1 Lawyers Lines of Work: Specialization s Role in the Income Determination Process Erin Leahey, University of Arizona Laura A. Hunter, Office of Institutional Research, Evaluation, and Assessment at the University of Massachusetts Medical Center Income inequality has been increasing in the United States, and intraoccupational processes are partly responsible (Kim and Sakamoto 2008; Mouw and Kalleberg 2010). To date, scholars have focused on suboccupational divisions, such as specialty areas, to understand why some members of an occupation earn more than others. In this article we theorize, operationalize, and assess the economic effect of another way in which members of the same profession can be distinguished: by the extent to which they specialize. Using two large secondary datasets on lawyers in the United States, we find that lawyers who specialize earn more. This effect arises partly through two mechanisms individual productivity and firm size and depends upon specialty area prestige: lawyers in low-prestige areas actually benefit more from specializing. It is no surprise to social scientists that income inequality in the United States has been increasing for over 30 years. Since Morris and Western s (1999) call for investigations of this trend, sociologists have begun to analyze the causes of growing wage inequality. 1 Explanations rest largely on the role of occupations. Occupations are deeply institutionalized functional niches (Weeden and Grusky 2005) that largely through social closure processes structure cultural lifestyles and individual identities and help legitimate wage inequality (Grusky 2005). While between-occupation changes account for two thirds of the rise in income inequality between 1983 and 2008 (Mouw and Kalleberg 2010), the remaining third depends on within-occupation characteristics and trends. Indeed, as Weeden (2002) recognizes, occupational-level processes, while important, are not the only ones at work. Explaining income inequality within a single occupation demands a shift in focus from occupations to more fine-grained ways by which labor is divided. Members of the same occupation work in different kinds of organizations and differ in their educational background, skill sets and productivity levels. Previous research demonstrates the importance of these divisions for income attainment within a profession. For example, organizational setting affects compensation in academia, where there is a large divide between research and nonresearch institutions (Tolbert 1986) and private and public institutions (Pfeffer and Langton 1988), and in law, where large law firms pay higher salaries than small firms (Heinz, Nelson and Laumann 2001) and where organizational We thank Joy Inouye for research assistance, and Paul Dimaggio, Robin Stryker and audiences at UCSD and UBC Sociology (especially Mary Blair-Loy and Erin Cech) for helpful comments. Funding for this research was provided by the University of Arizona Rogers Program in Spring The Author Published by Oxford University Press on behalf of the University of North Carolina at Chapel Hill. All rights reserved. For permissions, please Social Forces 90(4) , June 2012 doi: /sf/sos058 Advance Access publication July 10, 2012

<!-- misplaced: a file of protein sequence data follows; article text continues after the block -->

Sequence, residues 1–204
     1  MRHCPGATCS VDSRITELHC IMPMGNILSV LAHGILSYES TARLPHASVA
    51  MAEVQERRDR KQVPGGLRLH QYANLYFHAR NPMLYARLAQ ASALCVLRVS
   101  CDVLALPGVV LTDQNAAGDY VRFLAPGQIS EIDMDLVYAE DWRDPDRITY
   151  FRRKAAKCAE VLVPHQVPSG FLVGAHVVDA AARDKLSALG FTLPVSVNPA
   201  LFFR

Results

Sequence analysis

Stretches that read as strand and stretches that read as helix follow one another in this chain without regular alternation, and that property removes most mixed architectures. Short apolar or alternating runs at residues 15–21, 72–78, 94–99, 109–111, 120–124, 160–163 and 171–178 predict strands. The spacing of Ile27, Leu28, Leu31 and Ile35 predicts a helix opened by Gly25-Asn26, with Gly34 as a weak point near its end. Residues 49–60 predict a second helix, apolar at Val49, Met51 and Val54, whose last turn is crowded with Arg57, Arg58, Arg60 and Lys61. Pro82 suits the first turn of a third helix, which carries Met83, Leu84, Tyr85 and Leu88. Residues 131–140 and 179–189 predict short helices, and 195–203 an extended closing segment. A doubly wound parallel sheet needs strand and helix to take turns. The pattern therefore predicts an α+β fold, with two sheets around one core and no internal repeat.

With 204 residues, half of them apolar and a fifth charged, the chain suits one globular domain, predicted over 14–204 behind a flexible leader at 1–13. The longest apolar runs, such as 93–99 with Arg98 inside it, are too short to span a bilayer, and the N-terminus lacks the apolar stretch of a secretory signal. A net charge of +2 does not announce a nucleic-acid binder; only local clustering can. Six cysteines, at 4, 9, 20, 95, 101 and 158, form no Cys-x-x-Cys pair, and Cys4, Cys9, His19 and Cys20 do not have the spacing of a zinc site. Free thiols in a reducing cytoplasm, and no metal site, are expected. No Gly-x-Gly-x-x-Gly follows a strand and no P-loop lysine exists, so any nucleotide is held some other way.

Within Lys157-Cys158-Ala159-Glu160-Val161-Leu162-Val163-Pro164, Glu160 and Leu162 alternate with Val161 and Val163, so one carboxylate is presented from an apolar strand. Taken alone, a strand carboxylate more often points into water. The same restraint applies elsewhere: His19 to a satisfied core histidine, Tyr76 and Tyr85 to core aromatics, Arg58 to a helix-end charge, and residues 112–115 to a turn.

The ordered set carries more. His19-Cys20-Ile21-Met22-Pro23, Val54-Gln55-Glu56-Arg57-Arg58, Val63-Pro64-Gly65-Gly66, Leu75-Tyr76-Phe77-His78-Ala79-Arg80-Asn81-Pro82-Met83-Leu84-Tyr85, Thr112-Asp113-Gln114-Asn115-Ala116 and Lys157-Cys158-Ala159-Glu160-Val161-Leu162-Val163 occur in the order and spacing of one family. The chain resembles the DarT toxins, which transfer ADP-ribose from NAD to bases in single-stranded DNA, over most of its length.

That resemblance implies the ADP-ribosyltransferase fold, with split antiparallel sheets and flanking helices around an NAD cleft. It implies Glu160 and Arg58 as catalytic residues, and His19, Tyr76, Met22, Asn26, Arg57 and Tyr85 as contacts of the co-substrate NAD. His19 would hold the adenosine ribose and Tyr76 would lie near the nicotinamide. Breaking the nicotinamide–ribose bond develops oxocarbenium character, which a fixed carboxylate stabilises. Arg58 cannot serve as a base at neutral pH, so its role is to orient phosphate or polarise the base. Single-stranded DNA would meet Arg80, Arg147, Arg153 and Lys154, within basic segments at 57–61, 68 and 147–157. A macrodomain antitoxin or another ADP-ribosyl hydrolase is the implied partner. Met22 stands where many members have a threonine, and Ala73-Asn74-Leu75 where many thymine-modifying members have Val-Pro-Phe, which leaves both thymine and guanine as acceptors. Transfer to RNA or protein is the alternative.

2 1102 Social Forces 90(4) hierarchies exploit returns to investments (Garicano and Hubbard 2007). And even though members of the same profession typically have the same credentials, differences in qualitative aspects of education (e.g., type of school attended) and human capital (e.g., experience and productivity) are critical to wage determination (Heinz, Nelson, Sandefur and Laumann 2005; Leahey 2007; Tuckman, Gapinski and Hagemann 1977). These organizational and educational divisions correlate with not only income but also demographic characteristics like gender and race; this has been demonstrated in academe (Bellas 1993), business (Roth 2003) and the legal profession (Kay and Hagan 1995; Noonan, Corcoran and Courant 2005). Consistent with this shift to intraoccupational divisions is a burgeoning literature on the kind of work that members of a profession do, particularly specialty areas. The varying levels of prestige associated with specialty areas make them particularly consequential for careers. Studies of doctors focus on the consequences of specialty choice, for example, whether a doctor chooses pediatrics or internal medicine (Gjerberg 2001; Weeks and Wallace 2002). Studies of academics focus on individuals propensities for particular genres (i.e., book or article publishing) and subfields, and how they shape career trajectories (Clemens, Powell, McIlwaine and Okamoto 1995; Leahey and Rekowsky 2008). Studies of lawyers the profession we study here highlight their practice areas (e.g., tax or patent law), their clientele (e.g., businesses or individuals) and the tasks they engage in (e.g., memo writing, litigation). In the legal profession, working in high-status practice areas (Kay and Hagan 1995), serving business clients rather than individuals (Heinz et al. 2005) and engaging in pure tasks that require not simply diagnosis and treatment but also inference (Abbott 1988) are prestigious kinds of work that benefit practitioners careers and compensation (Dixon and Seron 1995; Gorman 2005, 2006; Hagan 1990; McBrier 2003; Noonan Corcoran and Courant 2005; Sandefur 2001; Seron 1996). To this traditional focus on the content and characteristics of practice areas we add a new focus on the form (i.e., distribution) of practice areas, that is, the extent to which a given lawyer specializes. We expect that lawyers who specialize more (i.e., work in a limited number of practice areas rather than many) will earn more. We use organizational theories about the pressures and concomitant benefits of specializing (Stinchcombe 1965; Zuckerman 1999; Zuckerman et al. 2003) to guide our analysis of individual career outcomes, as moving from an organizational to an individual level of analysis aids theory refinement and elaboration (Vaughan 1992). We also build upon our previous empirical work on another profession academe in which we found that specializing in one or a few subfields (rather than diversifying broadly) is beneficial for a host of career outcomes including earnings (Leahey 2006; Leahey 2007). Our decision to focus on the extent of specialization in practice areas (i.e., domains of abstract legal expertise) rather than the extent of specialization in more concrete realms such as tasks or clientele is theoretically justified in the next sections. Although we focus on within-occupational processes, our site selection acknowledges the continued importance of occupational-level characteristics. Certain types of occupations, such as high-wage occupations, are more closely implicated in rising